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Why SFMOMA Built a Tiny Version of Itself

Curators can use a scale model of the museum to lay everything out in advance.
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Design in Miniature: San Francisco MoMA

On May 14, the San Francisco Museum of Modern Art will reopen after a two-year, $365 million renovation and expansion that more than doubles its size. For the addition, which will house the extraordinary art collection of the family of the late Donald Fisher and his wife, Doris, founders of Gap Inc., the museum selected the architecture firm Snohetta, of Oslo and New York. As work on the building proceeded, SFMOMA's curators planned how to exhibit art in both the existing galleries and 235,000 square feet of new space. To do so, they created a scale model of each of the seven floors and miniature versions of scores of artworks—close to 3,000 in all, according to Sarah Choi, the exhibitions design coordinator.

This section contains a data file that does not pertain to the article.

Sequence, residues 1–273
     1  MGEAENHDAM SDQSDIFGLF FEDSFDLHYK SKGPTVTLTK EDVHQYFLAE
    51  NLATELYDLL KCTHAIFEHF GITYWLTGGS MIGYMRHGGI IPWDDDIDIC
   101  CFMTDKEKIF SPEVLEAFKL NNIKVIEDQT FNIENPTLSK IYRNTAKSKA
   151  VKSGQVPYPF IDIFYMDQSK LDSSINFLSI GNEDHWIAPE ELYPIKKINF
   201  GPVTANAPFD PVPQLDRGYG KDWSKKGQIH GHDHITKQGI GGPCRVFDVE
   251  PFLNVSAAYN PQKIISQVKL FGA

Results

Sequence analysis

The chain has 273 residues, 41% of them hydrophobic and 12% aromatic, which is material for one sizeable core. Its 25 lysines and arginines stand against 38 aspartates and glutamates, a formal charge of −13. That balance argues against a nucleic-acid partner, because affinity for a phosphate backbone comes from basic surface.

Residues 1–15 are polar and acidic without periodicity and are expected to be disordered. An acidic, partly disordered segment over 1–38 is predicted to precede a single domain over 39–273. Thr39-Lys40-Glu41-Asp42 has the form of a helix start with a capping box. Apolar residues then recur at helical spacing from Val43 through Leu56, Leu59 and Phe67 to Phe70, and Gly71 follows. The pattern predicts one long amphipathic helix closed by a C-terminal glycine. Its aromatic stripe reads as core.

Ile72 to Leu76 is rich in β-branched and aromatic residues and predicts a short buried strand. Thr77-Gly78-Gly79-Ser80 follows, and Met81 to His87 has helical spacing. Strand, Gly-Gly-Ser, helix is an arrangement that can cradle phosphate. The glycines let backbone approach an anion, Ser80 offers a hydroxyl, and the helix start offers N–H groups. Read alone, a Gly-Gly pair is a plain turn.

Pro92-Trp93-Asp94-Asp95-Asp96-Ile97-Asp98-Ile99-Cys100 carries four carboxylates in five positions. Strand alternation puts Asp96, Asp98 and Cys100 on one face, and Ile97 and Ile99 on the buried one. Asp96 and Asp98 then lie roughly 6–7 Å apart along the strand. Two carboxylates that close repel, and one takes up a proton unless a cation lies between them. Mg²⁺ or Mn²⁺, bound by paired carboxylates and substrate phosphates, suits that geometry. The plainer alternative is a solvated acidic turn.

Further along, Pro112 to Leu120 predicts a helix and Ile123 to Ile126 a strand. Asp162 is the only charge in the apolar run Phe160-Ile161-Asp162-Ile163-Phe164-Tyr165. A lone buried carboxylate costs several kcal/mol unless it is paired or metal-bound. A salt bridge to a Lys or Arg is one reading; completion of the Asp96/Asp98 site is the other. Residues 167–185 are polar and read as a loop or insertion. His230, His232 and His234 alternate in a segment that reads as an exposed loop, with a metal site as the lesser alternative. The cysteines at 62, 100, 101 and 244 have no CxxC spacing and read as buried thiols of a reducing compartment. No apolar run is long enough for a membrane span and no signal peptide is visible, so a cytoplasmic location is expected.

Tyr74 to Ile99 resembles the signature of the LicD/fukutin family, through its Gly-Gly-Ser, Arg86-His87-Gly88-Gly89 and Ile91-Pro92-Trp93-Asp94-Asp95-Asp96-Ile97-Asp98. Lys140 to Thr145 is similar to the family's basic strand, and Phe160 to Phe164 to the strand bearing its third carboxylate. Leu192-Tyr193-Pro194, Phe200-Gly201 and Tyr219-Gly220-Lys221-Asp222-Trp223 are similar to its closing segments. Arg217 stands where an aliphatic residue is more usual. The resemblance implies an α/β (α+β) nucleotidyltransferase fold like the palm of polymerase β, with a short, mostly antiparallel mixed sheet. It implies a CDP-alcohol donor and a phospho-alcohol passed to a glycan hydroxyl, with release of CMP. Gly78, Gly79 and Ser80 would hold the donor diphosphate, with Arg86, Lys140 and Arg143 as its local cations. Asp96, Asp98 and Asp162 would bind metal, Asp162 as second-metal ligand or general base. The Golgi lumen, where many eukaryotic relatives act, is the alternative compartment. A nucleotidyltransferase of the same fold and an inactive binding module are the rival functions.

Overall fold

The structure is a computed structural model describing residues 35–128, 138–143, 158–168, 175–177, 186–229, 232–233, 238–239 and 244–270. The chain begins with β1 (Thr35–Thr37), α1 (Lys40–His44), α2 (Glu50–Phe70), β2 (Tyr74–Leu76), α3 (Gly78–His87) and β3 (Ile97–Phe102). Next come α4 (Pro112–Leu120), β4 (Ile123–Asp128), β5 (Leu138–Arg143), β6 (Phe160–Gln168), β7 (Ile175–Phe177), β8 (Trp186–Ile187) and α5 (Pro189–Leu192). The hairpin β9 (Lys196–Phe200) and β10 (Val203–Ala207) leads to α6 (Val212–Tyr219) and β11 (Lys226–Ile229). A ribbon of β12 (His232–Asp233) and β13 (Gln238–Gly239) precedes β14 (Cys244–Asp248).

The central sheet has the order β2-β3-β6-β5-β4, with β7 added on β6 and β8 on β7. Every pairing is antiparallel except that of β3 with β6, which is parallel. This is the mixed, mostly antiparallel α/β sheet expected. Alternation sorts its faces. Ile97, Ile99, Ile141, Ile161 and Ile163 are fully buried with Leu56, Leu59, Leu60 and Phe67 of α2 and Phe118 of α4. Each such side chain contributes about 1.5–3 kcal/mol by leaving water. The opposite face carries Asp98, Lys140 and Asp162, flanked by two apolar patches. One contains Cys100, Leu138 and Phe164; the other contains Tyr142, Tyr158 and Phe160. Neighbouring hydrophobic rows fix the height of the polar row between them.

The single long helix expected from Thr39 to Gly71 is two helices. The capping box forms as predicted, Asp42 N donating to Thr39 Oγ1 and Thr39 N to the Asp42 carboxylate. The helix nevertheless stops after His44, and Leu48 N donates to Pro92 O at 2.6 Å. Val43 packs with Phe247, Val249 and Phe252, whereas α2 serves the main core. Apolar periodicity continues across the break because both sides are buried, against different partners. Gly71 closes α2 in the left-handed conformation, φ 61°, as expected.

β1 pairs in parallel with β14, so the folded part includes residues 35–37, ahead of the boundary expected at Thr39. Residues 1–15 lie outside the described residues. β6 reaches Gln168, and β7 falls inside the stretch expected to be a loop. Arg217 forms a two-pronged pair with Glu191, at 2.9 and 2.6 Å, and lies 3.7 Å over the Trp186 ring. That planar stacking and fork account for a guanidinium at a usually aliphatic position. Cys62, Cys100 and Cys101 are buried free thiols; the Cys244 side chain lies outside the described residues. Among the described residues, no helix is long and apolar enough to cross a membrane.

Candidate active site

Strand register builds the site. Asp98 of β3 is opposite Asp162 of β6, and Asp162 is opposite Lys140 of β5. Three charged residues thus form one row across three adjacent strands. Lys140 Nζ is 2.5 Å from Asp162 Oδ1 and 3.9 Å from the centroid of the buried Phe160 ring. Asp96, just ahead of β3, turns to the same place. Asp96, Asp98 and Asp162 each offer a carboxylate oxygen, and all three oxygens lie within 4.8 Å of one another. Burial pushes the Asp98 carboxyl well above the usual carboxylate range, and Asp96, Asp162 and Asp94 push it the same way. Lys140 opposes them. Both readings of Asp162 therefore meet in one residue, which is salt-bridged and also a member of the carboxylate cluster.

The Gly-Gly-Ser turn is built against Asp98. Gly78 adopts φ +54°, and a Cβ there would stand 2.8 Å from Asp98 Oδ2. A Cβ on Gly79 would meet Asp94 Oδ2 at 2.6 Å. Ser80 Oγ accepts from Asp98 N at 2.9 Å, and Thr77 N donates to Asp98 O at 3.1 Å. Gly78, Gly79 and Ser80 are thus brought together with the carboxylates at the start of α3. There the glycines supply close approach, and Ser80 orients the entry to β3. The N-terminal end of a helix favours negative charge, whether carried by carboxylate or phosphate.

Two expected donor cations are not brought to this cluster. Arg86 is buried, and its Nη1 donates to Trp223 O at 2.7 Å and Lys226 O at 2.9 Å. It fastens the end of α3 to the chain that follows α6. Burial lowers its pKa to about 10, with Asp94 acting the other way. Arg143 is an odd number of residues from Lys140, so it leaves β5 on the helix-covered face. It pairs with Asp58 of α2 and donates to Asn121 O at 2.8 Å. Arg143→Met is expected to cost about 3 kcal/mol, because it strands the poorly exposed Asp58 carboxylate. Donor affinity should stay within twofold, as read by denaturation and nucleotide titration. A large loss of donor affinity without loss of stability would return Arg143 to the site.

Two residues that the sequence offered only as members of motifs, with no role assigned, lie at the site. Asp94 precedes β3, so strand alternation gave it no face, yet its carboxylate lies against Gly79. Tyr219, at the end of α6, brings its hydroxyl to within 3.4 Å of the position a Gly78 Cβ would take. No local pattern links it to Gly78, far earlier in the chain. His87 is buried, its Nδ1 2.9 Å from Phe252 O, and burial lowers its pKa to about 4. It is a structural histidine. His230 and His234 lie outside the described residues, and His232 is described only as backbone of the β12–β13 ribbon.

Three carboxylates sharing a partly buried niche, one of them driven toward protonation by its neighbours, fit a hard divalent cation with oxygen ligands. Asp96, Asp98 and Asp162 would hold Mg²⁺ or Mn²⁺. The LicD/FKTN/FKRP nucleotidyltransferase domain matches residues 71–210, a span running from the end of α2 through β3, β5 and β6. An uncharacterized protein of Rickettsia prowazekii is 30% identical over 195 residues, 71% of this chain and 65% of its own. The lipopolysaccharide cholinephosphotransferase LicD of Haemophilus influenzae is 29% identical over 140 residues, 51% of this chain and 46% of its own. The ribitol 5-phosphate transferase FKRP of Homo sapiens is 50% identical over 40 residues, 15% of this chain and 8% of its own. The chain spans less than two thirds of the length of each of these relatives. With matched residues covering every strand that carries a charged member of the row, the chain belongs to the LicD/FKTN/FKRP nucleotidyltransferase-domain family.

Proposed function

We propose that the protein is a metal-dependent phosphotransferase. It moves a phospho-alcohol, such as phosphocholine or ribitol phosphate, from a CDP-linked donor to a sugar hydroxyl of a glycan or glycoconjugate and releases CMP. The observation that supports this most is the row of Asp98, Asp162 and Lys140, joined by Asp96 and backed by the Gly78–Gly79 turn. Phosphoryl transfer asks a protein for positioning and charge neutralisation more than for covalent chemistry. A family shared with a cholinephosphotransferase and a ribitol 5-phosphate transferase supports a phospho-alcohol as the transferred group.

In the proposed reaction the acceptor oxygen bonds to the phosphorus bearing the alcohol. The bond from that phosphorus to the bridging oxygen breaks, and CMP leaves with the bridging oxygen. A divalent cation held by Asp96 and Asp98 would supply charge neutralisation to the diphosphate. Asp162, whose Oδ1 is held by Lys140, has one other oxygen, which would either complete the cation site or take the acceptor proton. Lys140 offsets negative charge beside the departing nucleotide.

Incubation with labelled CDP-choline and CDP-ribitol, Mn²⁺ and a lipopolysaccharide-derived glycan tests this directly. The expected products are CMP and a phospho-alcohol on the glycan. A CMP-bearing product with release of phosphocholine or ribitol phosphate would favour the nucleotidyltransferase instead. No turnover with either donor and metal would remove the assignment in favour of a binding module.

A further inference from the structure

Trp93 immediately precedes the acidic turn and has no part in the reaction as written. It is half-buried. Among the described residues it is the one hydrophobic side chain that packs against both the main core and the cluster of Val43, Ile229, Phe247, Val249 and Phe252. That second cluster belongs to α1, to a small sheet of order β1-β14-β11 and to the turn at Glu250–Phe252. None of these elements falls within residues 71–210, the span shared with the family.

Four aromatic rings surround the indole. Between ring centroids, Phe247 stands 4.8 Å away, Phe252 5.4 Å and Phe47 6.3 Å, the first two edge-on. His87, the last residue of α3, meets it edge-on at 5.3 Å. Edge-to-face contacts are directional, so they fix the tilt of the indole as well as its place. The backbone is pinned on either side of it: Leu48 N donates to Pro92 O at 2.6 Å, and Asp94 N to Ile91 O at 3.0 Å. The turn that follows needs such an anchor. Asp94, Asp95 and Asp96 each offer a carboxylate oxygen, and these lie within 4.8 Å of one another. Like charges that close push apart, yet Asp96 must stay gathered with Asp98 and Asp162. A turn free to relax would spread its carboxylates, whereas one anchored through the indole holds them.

Of the many challenges Snohetta faced wedging the extension into the narrow lot behind Mario Botta’s original building, the most controversial was what to do about Botta's staircase. The Swiss architect had designed the stairway’s hulking granite base as the focal point of the SFMOMA’s soaring, central atrium. Bathed in natural light, the rectangular stairwell ascended through a round hole in the ceiling and into the zebra-striped oculus shooting up from the museum's roof, an iconic image that became SFMOMA's most recognizable symbol. It was an impressive feature, but it lent the ground floor a cave-like feel.